Many countries have developed comparative advantages in energy and carbon-intensive sectors which have helped them escape poverty and fuel shared prosperity. This report deepens the understanding of the impacts that carbon-intensive countries may face from uncertain but possible developments such as international climate policies, trade measures, transformational technology trends, and shifts in consumer preferences that can affect global demand for fossil fuels and the cost of burning them. The report's methodological framework combines qualitative and quantitative analysis, offering new insights into understanding impacts and the most robust and sustainable coping strategies. Its key messages include: * Countries have different carbon-intensive assets-resources in the ground and built infrastructure-that vary in their exposure and vulnerability to transformational trends. * Structural transformations are normal in history, and many coping strategies have turned risks into new development opportunities. * Climate change adds new momentum to the traditional diversification debates in resource-intensive countries. The best hedging strategies are based on deep diversification not only of outputs and exports but also of the asset base-natural, physical, human, and intangible capital. * Countries will use a menu of policies to manage structural transformations including energy, fiscal, and climate policies as well as trade measures. * Anticipating or reacting to the climate transition shocks, some carbon-intensive countries may choose to be the early movers and divest quickly, some will choose to be the followers, while others may try the harvesters' strategies. Each strategy has opportunities and risks.
During the 1990s, a new paradigm for power sector reform was put forward emphasizing the restructuring ofutilities, the creation of regulators, the participation of the private sector, and the establishment of competitivepower markets. Twenty-five years later, only a handful of developing countries have fully implemented theseWashington Consensus policies. Across the developing world, reforms were adopted rather selectively, resultingin a 'hybrid model' where elements of market-orientation coexist with continued state-dominance of the sector.This book aims to revisit and refresh thinking on power sector reform approaches for developing countries. Theapproach relies heavily on evidence from the past, drawing both on broad global trends, and deep case materialfrom 15 developing countries. It is also forward-looking; considering the implications of new social andenvironmental policy goals, as well as emerging technological disruptions.A nuanced picture emerges. While regulation has been widely adopted, practice often falls well short of theory;and cost recovery remains an elusive goal. The private sector has financed a substantial expa_nsion of generationcapacity. Yet, its contribution to power distribution has been much more limited, with efficiency levels cansometimes be matched by well-governed public utilities. Restructuring and liberalization have been beneficial ina handful of larger middle-income nations; but have proved too complex for most countries to implement.Based on these findings, the report points to three major policy implications. First, reform efforts need to beshaped by the political and economic context of the host country. The 1990s reform model was most successfulin countries that had reached certain minimum conditions of power sector development and offered asupportive political environment. Second, reform efforts should be driven and tailored towards desired policyoutcomes, and less preoccupied with following a predetermined process. Particularly given that WashingtonConsensus reforms alone will not deliver on twenty-first century policy objectives. Third, countries foundalternative institutional pathways to achieving good power sector outcomes, making a case for greater pluralismgoing forward.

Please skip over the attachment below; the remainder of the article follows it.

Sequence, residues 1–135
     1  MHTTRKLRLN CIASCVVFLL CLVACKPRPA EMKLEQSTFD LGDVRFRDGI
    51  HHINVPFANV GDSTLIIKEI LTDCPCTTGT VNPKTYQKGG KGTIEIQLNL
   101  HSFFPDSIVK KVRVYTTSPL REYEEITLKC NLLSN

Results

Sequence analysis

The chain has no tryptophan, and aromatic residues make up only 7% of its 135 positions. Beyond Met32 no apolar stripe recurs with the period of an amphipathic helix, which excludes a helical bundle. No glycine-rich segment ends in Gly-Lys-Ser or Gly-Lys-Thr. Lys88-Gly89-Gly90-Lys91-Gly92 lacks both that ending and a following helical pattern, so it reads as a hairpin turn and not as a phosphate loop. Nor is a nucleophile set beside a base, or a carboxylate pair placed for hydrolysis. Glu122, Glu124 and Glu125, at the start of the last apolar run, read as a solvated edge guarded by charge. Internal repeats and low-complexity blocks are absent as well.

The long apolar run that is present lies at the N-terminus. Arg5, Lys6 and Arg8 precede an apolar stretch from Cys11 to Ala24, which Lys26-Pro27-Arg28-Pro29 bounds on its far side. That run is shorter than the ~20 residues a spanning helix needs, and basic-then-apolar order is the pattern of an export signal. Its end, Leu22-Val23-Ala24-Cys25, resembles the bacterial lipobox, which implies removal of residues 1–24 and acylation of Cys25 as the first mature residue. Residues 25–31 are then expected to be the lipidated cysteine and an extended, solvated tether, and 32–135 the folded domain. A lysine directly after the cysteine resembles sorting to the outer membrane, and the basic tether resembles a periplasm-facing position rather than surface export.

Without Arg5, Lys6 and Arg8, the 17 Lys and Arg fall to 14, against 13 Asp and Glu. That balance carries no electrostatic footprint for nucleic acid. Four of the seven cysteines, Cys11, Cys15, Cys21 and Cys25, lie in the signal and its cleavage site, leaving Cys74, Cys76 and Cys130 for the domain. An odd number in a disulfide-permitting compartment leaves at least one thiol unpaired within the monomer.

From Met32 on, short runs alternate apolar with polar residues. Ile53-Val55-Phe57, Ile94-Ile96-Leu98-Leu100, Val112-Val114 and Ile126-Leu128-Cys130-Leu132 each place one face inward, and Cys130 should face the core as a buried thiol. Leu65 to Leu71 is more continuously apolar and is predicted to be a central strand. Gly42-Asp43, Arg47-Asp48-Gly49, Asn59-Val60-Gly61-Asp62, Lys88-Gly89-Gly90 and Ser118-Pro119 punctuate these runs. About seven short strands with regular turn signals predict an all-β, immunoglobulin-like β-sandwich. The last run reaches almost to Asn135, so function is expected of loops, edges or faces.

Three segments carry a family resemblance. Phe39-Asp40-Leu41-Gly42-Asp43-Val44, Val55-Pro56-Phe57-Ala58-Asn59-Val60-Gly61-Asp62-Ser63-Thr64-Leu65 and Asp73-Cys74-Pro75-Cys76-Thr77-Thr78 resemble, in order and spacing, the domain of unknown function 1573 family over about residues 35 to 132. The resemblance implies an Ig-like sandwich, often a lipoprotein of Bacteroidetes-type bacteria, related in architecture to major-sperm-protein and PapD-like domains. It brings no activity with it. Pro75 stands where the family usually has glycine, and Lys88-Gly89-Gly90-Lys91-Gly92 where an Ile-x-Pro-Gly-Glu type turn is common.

This comprehensive model of the nation's largest, most technically advanced and forward-thinking power pool - Pennsylvania, Jersey, Maryland (PJM) - provides a window on state-of-the-art solutions to complex, organizational, managerial, technical, and regulatory issues that cut across the entire industry in transition. With full cooperation from PJM, nationally recognized energy lawyer Jeremiah D. Lambert compares and contrasts PJM with other ISOs on key issues such as governance, structure and transmission pricing. Lambert's expert comparison will help readers: Successfully structure RTO or ISO projects Follow legal/ regulatory guidelines Develop the best-practice standards in all areas of the RTO/ISO structure.